We’re running a bit of a fever (Dengue? Avian flu? Munchhausen’s?) so apologies if this is a little woozy.
Looking back on the year that was, MTV‘s Karl Heitmueller sums up an oft-heard explanation for this year’s box office slump: theater-going sucks. Or at least, it does when held up against the average American’s apparently increasingly cushy home-entertainment system and increasing intolerance for other average Americans. Heitmueller bewails theatrical commercials, substandard cineplex technology, and other people, particularly young’uns.
Sorry, proud parents, but if your child is of pre-school age, he or she has no place being in a movie theater. Not even for "Chicken Little." Wait for the video. Small children simply do not possess the patience or attention span to sit quietly through a movie, nor do they enjoy the social consciousness needed to keep their traps shut so as not to bother anyone else.
So the 3-year-old running back and forth in front of us during the three-hour-long "[King] Kong" inevitably got bored and started crying, at which point his mother, rather than taking him outside, attempted to muffle his cries by stuffing his face into her armpit (!). She was asked to leave. (Yes, by us.)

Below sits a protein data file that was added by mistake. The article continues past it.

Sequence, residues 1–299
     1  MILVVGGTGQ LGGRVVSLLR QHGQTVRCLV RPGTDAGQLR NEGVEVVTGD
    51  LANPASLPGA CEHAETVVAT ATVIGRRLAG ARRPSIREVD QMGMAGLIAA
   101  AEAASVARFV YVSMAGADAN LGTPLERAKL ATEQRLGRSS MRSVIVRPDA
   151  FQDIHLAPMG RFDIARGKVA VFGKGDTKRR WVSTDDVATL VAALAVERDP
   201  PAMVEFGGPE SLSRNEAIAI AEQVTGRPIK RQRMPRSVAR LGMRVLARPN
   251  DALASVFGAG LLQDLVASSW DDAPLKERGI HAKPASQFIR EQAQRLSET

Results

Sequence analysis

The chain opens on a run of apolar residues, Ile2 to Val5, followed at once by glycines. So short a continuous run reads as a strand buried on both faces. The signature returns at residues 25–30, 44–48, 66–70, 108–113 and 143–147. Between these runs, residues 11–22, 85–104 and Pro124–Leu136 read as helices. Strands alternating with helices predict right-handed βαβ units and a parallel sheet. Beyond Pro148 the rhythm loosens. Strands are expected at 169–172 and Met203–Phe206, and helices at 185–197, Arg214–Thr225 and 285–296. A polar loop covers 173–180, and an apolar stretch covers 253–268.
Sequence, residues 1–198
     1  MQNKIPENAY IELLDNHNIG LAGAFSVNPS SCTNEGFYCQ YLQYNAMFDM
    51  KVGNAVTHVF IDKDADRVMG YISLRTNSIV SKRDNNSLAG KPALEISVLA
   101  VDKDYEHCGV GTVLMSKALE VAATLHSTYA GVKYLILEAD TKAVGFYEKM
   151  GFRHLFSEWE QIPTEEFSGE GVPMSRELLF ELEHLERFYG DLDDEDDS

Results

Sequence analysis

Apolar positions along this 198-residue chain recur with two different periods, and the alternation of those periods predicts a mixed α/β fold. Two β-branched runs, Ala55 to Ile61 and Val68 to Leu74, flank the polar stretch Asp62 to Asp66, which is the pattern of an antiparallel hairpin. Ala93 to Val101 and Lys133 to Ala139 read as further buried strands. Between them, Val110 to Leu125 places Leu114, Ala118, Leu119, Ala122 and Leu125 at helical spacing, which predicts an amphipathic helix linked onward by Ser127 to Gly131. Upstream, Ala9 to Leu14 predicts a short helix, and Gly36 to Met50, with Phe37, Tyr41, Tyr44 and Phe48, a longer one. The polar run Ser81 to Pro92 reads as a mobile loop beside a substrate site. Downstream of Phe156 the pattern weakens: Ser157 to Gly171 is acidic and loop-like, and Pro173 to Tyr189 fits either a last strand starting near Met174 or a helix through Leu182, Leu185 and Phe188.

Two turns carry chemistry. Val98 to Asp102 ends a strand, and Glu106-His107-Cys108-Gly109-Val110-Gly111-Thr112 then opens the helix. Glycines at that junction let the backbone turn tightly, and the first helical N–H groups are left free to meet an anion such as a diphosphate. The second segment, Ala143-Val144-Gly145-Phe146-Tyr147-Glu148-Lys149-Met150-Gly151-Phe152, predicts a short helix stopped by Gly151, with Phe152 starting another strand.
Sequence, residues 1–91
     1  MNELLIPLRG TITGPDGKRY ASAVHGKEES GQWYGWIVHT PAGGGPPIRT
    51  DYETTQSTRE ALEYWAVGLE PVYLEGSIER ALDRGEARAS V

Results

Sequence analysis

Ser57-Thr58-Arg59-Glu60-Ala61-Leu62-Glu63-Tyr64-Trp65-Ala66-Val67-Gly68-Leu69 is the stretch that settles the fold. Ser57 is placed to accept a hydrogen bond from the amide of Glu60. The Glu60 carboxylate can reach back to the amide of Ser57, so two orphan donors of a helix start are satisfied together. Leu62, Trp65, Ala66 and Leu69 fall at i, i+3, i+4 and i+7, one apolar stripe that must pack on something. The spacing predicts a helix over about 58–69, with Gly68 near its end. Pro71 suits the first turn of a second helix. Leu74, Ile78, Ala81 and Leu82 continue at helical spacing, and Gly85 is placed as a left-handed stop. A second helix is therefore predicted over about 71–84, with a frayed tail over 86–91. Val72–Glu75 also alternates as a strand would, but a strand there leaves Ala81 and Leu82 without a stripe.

The armpit method of parenting has rather fallen out of favor since its 70s heyday. Over at the New York Times, Charles McGrath presents himself as Heitmueller’s worst nightmare with a piece all in favor of talking during a film.
In my experience, Times Square theaters in the late 1970’s and early 80’s were the great arenas for talking back to the screen. I still have a vivid recollection of "The Hand" – a completely forgettable Michael Caine horror flick from back then, about an artist whose severed hand goes on to commit mayhem – simply because of some audience dialogue. "That’s his smitty!" one guy shouted as the hand crept along by itself. "No," another guy pointed out. "It’s his ex-smitty."
We’re probably in the minority here, but we’re totally on McGrath’s side, certainly for fluffier fare, but for most other films as well. Watching something on DVD (or, for that matter, a deathly serious press screening (yeah, yeah, that is a river we’re crying for you)) is a completely different and generally less enjoyable experience…we couldn’t imagine watching "King Kong" without a theater overflowing with raucousness and popcorn, and we have fond memories of everyone in the Alice Tully Hall flinching in unison at a particular scene in "CachÃ©." There’s something to be said for the concentrated DVD-watching experience, but really, it doesn’t feel quite genuine to us unless the floor’s gooey with spilled soda and someone’s kicking the back of our seat.
At best vaguely related: in an attempt to plumb the eternal cultural mysteries of the red states, Gil Brady at the LA Times hauls off to Wyoming to find out about the cowboy filmgoing experience by asking everyone wearing ranchwear whether or not they plan to see the "so-called gay cowboy movie" that is "Brokeback Mountain."